That made the whole exercise a fait accompli. Whatever the attitude of trustees, the Bank now had our information and was free to use it as it chose. Geoff’s email to the trustees late on Monday afternoon said “we have to supply information” – but it wasn’t clear, at all, who “we” were. The trustees were certainly under no legal obligation to do so.
As the first trustee to respond to Geoff, I noted that the Minister had no power over, or ministerial responsibility for, the Fund, noted that we needed to obey any laws constraining our specific investments, noted that shifting the portfolio in response to Bank reputational concerns could be costly so the Bank might need to consider reimbursing the Fund, and also highlighted the importance of ensuring that conflicts of interest were appropriately managed in handling this issue.
There was never of any sign of that. The Bank – having obtained our information without authorization – simply advised us, via emails from Geoff (never clear from them whether acting as a trustee or as Deputy Governor) that the Bank would pass on our information to the Minister, would advise the Minister to answer the question fully, and would advise the Minister to say that the Bank would be seeking to encourage us to adopt an “ethical” investment policy. Continuing his glaring inability to recognize the different interests of the Fund and the Bank, he urged trustees not to approach the Minister’s office directly “as the Bank was handling that”. The Bank, of course, was not required – or expected – to operate in the best interests of members (or trustees).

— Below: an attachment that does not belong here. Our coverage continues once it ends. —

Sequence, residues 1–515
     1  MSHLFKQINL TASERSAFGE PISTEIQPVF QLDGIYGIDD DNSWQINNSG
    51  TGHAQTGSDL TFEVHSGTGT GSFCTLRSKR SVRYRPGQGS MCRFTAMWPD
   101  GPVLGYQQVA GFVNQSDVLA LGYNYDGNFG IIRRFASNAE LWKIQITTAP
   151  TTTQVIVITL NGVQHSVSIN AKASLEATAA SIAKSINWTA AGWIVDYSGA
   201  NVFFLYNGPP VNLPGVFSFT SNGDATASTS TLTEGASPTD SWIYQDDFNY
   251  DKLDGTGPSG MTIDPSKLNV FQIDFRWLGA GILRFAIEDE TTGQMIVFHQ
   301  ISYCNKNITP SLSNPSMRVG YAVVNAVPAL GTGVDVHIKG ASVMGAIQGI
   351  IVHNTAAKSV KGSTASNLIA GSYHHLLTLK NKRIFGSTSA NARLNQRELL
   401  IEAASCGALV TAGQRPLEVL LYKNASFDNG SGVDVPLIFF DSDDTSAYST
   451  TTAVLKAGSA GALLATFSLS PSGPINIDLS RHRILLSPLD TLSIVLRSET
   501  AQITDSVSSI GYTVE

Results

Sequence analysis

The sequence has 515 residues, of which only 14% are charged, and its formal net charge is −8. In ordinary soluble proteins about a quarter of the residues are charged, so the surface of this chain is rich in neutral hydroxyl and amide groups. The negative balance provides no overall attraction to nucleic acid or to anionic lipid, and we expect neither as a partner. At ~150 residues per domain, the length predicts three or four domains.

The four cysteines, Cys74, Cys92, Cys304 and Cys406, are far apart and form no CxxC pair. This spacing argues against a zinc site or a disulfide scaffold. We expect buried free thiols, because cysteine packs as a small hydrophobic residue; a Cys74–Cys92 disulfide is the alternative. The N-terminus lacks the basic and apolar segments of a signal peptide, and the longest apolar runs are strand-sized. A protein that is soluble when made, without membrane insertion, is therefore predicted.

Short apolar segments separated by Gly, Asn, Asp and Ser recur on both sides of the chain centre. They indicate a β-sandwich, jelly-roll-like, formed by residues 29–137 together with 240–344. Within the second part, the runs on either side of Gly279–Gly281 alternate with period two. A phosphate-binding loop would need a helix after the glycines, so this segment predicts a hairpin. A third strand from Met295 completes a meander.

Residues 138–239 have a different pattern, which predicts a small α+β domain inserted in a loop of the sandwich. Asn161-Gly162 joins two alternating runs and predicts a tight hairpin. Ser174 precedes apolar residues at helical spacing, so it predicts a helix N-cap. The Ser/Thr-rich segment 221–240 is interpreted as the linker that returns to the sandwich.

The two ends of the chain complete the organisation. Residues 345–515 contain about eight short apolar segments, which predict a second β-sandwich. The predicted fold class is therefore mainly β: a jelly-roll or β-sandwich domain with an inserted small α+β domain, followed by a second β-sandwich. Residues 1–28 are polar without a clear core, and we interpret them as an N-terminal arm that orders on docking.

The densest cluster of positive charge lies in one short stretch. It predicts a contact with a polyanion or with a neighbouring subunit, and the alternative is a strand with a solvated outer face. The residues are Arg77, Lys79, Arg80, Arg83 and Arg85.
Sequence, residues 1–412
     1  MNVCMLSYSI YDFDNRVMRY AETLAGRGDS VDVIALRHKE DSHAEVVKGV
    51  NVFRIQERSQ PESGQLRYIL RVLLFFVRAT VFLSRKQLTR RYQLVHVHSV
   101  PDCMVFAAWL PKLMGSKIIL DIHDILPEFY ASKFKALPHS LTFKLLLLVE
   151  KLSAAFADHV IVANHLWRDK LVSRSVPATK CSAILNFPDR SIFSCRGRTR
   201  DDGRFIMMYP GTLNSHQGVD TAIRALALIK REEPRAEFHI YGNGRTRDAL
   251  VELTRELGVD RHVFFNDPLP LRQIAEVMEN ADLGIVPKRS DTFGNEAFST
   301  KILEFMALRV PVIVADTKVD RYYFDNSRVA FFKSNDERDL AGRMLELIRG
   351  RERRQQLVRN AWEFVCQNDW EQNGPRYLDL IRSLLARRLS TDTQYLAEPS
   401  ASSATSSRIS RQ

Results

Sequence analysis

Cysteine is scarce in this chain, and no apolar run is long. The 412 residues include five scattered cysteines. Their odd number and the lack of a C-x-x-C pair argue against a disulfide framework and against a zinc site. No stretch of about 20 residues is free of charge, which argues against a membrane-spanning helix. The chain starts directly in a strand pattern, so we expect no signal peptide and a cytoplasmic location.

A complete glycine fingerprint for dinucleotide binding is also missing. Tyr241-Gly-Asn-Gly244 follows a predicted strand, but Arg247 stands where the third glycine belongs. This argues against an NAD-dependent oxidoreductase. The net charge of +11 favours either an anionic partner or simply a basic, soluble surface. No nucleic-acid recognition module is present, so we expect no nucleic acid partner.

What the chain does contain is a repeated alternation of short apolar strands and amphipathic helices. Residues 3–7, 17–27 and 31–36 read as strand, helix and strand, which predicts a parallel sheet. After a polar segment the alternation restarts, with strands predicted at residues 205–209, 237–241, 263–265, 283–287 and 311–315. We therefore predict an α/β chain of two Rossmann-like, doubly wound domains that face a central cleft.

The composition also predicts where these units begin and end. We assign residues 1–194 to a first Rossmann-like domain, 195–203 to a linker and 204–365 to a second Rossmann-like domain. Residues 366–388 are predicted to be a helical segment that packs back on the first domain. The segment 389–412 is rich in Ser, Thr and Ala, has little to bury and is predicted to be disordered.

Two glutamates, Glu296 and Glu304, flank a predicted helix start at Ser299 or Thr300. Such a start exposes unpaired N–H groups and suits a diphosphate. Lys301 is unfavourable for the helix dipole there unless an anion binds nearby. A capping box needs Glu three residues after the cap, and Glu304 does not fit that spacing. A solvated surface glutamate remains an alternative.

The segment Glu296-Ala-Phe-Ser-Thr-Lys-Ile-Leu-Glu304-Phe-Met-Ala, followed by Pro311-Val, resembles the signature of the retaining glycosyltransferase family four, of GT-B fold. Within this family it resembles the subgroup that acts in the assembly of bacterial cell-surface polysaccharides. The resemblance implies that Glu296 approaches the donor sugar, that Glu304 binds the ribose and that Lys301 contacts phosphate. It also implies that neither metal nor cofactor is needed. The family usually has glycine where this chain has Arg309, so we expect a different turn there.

We gravitated towards the idea of putting out our own public statement – while Geoff continued to act as conduit for the Bank in telling us what the Bank “insisted” had to be in such a statement. At one point, I explicitly asked Geoff, acting as trustee, what course of action he thought we should take, acting (as legally required) in the best interests of members. He simply refused to answer directly, responding with the following extraordinary comment
Now I accept that this may reflect the Bank’s interests more than that of Trustees per se, but the reality is that a Bank director, the Governor and a bank employee are trustees (with me as alternate and chair).
All these people are legally required to act in the best interests of members. For several years, I was an employee and a trustee, and I hope I always sought to do so.
Fighting something of a rear-guard action, I argued that if we were giving the information about these exposures to anyone, we should at very least provide it to members of the scheme before we provide it to the Minister of Finance, let alone the public. It is, after all, their money, and if there are to be any changes in investments as a result of a distaste for particular types of exposures, members’ preferences should presumably be the ones that count. That request got nowhere either, with Geoff apparently much more interested in his day job as Deputy Governor. We finally got a grudging statement that the information would be sent to members shortly after our public press release went out at 10am this morning. It went out, baldly, with no context or background. Frankly, it is the sort of process that treats members with disdain. I can only apologise to our members for that.